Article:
Wines with scores between 83 and 86.5 points are awarded a Silver Medal, wines gaining scores between 86.6 and 92 points are given a Gold Medal and the highest rated wines with point totals between 92 and 100 are rewarded with the Great Gold Medal.

The Concours Mondial de Bruxelles competition is one of the most comprehensive and professional wine competitions in the world, but unfortunately there are many competitions here in China and elsewhere that are far less professional.

While often helpful, the ratings of critics and wine competition medals are at best partial solutions to picking the right wines. So what can be done to help consumers in Shanghai and elsewhere pick the right wines? The Internet holds one solution.

New age

The Internet holds increasingly comprehensive information on wines from around the world, including tasting notes, information on varietals, winemaking and value. A simple search on the Internet in English or Chinese will result in a plethora of democratic opinions from the most acclaimed critics to a wine geek living next door. You can also get information directly from the producer.

In my opinion, the people who know the most about wines are not wine critics or writers or wine educators; they are winemakers. Top winemakers can teach you more about their wines than anyone else. Unfortunately, they seldom know much about wines outside of their region and tend to be hopelessly enamored with their own wines.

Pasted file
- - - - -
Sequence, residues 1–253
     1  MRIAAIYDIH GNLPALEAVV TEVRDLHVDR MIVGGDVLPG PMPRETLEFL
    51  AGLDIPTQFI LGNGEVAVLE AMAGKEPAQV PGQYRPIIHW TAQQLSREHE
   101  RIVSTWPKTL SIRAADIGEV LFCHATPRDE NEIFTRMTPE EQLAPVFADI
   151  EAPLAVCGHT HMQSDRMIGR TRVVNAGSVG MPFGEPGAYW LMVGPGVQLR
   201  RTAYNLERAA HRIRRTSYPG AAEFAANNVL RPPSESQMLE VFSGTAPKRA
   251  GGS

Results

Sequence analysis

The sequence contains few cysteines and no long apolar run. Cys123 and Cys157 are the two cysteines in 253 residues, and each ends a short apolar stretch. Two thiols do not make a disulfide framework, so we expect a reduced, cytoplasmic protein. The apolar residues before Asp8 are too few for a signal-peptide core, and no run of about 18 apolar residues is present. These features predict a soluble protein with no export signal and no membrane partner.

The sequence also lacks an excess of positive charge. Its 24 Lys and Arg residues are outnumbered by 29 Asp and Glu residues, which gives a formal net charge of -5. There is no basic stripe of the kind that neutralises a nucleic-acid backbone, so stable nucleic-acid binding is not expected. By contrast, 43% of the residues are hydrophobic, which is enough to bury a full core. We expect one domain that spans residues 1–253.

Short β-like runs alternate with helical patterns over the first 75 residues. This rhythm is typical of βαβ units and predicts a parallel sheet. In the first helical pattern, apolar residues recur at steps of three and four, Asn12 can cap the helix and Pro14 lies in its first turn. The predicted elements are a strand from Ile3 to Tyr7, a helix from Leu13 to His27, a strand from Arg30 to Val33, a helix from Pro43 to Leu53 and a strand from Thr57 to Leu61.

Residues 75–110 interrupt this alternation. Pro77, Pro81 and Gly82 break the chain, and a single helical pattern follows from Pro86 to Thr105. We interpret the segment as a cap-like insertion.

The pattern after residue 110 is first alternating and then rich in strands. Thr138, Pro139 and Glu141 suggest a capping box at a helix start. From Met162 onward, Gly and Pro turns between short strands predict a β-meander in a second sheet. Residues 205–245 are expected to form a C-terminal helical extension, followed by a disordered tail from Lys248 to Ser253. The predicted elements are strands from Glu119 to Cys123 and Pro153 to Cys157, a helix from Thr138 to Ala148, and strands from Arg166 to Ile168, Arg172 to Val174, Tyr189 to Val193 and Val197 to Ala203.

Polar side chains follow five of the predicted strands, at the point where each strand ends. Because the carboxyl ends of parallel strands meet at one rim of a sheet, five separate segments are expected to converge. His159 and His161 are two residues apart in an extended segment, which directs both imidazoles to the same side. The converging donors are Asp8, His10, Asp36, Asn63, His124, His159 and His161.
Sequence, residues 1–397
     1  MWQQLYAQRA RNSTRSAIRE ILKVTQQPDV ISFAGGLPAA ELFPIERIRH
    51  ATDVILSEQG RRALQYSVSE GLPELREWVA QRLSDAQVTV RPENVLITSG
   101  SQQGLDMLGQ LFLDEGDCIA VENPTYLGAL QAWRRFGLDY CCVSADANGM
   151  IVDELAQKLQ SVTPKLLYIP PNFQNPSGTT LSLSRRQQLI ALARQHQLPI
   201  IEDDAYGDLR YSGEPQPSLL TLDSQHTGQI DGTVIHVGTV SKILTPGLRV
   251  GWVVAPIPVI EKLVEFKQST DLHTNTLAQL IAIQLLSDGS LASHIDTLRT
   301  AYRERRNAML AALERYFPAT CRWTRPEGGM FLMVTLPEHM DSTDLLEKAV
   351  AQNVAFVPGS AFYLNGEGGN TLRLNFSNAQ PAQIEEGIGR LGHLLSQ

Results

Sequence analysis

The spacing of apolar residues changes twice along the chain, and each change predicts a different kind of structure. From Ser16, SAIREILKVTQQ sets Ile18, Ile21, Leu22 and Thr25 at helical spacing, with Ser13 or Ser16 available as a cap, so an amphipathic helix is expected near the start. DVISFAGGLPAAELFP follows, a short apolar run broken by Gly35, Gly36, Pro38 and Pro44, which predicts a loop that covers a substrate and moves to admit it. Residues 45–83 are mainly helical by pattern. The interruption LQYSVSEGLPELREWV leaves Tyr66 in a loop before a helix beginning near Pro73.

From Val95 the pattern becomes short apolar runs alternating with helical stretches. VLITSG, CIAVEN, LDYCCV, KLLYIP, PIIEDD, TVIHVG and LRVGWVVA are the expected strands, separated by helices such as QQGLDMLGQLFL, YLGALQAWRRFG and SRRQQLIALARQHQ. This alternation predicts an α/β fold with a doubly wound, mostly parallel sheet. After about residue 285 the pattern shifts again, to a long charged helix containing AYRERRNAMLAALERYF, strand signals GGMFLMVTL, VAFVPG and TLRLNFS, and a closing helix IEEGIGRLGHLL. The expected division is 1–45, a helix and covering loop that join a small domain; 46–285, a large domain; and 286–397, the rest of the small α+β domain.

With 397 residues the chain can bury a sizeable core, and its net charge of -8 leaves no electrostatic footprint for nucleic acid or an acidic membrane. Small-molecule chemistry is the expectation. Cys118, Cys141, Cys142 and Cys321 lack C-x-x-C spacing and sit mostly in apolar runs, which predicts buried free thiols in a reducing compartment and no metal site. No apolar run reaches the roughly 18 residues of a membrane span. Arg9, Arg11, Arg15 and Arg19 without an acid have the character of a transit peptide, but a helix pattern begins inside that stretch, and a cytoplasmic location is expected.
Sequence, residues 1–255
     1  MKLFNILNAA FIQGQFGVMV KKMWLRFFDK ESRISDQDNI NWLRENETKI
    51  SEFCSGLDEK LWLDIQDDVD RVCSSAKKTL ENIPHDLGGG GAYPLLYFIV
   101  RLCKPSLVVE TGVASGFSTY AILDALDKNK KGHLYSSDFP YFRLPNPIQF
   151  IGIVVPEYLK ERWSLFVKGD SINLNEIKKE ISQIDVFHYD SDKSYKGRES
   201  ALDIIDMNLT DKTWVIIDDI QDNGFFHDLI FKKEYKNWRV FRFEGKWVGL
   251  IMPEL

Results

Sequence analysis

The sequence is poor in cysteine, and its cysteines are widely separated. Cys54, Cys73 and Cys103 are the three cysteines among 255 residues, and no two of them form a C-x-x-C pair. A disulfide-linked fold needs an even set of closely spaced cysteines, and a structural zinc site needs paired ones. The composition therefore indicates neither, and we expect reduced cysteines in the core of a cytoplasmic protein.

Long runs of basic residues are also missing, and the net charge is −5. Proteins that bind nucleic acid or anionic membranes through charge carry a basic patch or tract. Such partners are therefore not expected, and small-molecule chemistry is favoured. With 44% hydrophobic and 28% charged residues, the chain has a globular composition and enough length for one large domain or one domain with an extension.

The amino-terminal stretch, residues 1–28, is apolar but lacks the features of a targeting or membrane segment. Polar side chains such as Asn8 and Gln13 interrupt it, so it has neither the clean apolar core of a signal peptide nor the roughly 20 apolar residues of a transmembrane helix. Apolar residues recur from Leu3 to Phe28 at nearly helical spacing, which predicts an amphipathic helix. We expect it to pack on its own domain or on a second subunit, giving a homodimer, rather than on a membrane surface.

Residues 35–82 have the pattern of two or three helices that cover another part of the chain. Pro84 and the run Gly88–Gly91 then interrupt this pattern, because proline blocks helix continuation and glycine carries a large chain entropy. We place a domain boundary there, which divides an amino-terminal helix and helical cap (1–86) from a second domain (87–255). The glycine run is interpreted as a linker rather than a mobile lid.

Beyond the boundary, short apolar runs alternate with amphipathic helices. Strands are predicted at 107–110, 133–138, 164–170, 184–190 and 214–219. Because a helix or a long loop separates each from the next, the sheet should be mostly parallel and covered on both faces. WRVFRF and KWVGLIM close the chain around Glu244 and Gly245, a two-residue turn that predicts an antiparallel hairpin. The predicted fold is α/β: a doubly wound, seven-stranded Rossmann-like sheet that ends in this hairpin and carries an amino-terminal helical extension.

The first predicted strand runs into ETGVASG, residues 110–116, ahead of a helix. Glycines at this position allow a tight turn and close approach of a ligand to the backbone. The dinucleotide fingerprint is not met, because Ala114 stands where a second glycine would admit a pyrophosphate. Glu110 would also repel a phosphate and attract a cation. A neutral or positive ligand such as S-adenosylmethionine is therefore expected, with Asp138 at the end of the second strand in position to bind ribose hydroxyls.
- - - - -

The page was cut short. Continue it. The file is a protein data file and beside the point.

It may be a little difficult at first, but with frequent use you'll learn to differentiate the reliable wine information from the promotional nonsense. Your smart phone is also a valuable tool to store your own opinions on wines, and over a period of time it will become your most valuable resource for choosing wines.

The best solution

The only way to truly advance your wine knowledge and appreciation is to apply yourself and trust your own taste.

The best wines in the world are not necessarily those with 100 points or gold medals, instead they are the wines you love best and bring you happiness.

Knowing how to judge and select your own wines is one of life's most enjoyable and liberating experiences.


I am not allowed to divulge which wines I scored highest last week in Bratislava, however, here are some wines that have recently been highly rated by me and wine-loving friends here in China.

In the budget price range between 100-200 yuan (US$16-32), the Chilean La Joya Cabernet Sauvignon Reserve 2009 and Les Jamelles Mourvedre VDP 2010 from Languedoc in southern France have consistently scored above their peers. For wines with retail prices between 400-500 yuan, two standout reds are the Torbeck Woodcutter's Shiraz 2010 from the Barossa Valley in southern Australia and Jaboulet Gigondas Pierre Aiguille 2007 from the southern Rhone Valley in France.

For white, two champion Aussi wines are the Penfolds Koonunga Hill Chardonnay available for just over 200 yuan and the Brown Brothers Moscato sweet wine. Both offer an abundance of elegant aromas and flavors and are top performers in their class.